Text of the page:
I had little patience for it, so I invented the ‘Gallery Pole’ to make it fast and easy.

30 years later, as I prepared for the Arctic Innovation Competition, a solution using only a weighted string Reared its Impish Head.

An empty hayloft and a laden truck,
Fall rain and snow, on goat and yak.
A towering wall with ‘Oh what a view,’
Must needs combine into something new.

This combination awning and hay loading deck was built using reclaimed redwood from a water tank I dismantled with a friend in Haines.

Here’s another example of evolution by trial and error; where Perspiration came in gallons per minute and Inspiration was hardcoded.

Making a solar thermal system and a wood boiler work together, as well as independently, called for innovation and solutions,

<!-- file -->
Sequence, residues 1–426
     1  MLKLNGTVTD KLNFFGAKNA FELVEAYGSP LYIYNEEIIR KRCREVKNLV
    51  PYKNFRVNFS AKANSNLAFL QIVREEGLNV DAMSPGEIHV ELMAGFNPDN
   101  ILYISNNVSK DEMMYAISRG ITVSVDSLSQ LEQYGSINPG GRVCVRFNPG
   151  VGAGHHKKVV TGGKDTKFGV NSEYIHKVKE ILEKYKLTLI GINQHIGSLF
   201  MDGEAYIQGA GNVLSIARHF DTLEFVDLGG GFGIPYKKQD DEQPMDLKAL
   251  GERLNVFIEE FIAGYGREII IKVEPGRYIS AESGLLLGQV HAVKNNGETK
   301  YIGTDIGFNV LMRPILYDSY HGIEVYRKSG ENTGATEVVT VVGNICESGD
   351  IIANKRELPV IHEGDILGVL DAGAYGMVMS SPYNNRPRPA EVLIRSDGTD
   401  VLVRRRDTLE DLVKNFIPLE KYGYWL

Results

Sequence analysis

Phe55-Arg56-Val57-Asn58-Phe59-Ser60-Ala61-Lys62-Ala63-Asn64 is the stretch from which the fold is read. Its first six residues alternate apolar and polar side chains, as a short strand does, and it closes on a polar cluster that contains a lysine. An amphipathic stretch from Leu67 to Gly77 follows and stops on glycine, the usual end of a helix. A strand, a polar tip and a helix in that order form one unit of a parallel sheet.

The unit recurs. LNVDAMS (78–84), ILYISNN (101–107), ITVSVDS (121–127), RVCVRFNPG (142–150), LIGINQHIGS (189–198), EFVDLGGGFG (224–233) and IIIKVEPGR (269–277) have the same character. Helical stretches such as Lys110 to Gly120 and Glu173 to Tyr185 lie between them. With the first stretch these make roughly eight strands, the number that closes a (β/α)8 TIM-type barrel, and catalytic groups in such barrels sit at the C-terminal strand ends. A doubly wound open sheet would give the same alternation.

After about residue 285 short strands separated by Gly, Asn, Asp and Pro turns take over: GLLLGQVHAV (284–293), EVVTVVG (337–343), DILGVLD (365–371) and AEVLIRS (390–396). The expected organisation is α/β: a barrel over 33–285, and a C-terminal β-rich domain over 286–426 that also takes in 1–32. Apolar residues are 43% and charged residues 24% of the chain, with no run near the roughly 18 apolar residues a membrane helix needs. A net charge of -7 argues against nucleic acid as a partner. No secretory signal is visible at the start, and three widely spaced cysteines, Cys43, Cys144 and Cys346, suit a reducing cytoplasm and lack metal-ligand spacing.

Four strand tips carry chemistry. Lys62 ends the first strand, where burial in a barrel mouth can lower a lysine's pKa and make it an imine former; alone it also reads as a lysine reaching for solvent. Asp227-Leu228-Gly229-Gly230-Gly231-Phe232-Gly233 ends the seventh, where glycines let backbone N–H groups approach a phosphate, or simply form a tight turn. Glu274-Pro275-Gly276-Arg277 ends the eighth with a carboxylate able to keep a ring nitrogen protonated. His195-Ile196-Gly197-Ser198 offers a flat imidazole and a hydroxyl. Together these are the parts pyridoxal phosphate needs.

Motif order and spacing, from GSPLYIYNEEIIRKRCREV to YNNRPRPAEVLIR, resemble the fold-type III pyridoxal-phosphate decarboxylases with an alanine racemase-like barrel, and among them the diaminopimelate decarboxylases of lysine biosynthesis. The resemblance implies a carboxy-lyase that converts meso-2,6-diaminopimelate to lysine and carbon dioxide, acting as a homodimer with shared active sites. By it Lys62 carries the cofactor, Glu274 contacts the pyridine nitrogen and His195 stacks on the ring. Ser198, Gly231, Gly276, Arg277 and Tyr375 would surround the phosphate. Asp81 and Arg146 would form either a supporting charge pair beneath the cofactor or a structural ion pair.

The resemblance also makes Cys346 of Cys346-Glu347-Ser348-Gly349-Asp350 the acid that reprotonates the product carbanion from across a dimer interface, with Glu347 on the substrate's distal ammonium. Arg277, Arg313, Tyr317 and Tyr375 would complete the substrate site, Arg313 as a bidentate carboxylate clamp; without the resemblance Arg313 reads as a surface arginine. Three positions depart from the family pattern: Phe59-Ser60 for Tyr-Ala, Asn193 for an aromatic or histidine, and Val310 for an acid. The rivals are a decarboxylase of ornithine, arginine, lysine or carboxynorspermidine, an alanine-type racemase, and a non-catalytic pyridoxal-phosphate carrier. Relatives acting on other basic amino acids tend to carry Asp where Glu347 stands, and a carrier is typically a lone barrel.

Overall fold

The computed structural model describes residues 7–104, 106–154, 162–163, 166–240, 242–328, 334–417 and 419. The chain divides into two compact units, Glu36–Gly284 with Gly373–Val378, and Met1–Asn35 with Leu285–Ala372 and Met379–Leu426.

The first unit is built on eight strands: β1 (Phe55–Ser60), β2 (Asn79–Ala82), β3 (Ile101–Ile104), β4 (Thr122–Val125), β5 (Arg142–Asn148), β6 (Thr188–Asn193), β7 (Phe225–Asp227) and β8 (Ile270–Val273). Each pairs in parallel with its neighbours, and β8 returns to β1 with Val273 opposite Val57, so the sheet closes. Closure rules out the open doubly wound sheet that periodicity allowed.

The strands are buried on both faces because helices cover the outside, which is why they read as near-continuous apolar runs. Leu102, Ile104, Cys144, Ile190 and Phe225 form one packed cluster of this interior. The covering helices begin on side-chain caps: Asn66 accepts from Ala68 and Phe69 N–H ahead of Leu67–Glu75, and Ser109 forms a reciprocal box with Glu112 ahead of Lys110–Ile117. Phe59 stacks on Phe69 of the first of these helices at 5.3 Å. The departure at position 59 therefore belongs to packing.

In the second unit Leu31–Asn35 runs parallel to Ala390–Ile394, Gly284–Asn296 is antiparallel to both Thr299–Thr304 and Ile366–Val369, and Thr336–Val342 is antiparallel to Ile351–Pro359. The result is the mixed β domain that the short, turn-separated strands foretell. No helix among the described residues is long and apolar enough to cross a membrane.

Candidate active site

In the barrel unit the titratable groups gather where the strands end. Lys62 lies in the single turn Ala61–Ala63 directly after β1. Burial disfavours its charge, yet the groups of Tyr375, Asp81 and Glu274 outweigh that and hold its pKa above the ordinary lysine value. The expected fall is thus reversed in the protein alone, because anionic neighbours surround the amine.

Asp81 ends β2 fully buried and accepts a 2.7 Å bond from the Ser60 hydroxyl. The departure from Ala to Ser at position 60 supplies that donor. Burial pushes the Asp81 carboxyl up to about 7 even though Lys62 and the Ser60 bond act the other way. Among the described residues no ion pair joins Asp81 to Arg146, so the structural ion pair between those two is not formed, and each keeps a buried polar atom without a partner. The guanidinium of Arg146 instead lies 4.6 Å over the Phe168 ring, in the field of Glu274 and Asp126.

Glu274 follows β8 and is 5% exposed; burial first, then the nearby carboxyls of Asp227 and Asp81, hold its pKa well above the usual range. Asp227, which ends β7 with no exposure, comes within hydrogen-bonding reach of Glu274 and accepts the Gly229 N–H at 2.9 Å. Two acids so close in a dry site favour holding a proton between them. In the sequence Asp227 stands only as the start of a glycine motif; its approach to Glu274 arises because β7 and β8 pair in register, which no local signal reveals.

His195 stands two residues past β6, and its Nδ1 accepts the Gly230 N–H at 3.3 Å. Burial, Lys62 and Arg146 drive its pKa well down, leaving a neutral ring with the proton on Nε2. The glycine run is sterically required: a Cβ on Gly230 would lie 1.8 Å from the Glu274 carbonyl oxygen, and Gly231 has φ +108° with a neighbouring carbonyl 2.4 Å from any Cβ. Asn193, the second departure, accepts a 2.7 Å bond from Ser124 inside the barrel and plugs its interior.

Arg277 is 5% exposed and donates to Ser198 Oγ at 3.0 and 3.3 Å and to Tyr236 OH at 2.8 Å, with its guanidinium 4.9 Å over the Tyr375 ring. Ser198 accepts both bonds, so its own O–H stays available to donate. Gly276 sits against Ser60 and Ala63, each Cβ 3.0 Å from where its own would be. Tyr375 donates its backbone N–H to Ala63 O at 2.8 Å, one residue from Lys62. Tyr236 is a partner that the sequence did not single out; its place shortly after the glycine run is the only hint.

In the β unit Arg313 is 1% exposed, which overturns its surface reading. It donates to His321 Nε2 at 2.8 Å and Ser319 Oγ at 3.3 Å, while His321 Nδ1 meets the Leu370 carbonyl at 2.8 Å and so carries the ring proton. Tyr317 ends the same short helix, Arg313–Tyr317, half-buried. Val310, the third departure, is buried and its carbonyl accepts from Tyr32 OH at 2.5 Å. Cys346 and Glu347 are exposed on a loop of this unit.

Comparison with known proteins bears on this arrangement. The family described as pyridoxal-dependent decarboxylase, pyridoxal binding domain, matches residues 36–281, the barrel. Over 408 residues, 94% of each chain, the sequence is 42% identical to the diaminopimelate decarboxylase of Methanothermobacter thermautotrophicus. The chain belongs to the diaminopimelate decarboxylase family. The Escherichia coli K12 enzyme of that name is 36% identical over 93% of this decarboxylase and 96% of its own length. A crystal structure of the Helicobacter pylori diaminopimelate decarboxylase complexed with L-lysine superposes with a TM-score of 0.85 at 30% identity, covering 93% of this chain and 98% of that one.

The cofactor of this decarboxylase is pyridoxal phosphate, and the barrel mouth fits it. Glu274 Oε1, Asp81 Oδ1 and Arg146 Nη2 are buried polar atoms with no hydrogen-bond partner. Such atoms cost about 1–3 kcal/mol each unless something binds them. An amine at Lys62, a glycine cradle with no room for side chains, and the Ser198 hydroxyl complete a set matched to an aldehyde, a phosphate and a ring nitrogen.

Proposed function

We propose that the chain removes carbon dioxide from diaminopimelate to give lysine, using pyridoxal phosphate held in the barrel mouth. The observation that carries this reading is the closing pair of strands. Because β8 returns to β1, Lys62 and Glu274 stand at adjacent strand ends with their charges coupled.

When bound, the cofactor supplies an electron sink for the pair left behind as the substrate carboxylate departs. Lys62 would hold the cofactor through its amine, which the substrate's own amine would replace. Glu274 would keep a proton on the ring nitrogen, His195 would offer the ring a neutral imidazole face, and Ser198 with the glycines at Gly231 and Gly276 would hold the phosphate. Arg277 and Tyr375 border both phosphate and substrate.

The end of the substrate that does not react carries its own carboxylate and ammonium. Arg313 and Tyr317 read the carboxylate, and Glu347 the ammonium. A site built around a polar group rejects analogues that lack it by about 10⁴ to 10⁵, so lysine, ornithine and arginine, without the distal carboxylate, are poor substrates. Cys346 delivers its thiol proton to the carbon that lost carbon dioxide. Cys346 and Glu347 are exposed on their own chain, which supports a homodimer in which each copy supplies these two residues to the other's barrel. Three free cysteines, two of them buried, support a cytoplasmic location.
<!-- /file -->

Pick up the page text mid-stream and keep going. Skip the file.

some of which,
like the sun,
came ‘Out of the Blue.’

My non-winning proposal for the UAF Engineering and Learning Building consisted of nine designs for engraved steel panels.

After sifting through dozens of images I’d taken, I edited and arranged my photographic sketches in an attempt to illustrate the various stages of the innovative process.

Whether it manifests as a small spark, or a big bang, Inspiration must expand to permeate the whole creative process, and linger through both spontaneity and tedium.

And to be true to our muse we must nurture her throughout.

That’s not to say she isn’t prone to the odd tearing of hair and stomping of feet, as we work to convey what inspires us.

It’s the fuel for our creative fires,
It lurks in plain sight,
and dances in the shadows,

It eludes us when we need it the most,
and suddenly appears when we least expect it…

AHA!  must be time to get to work!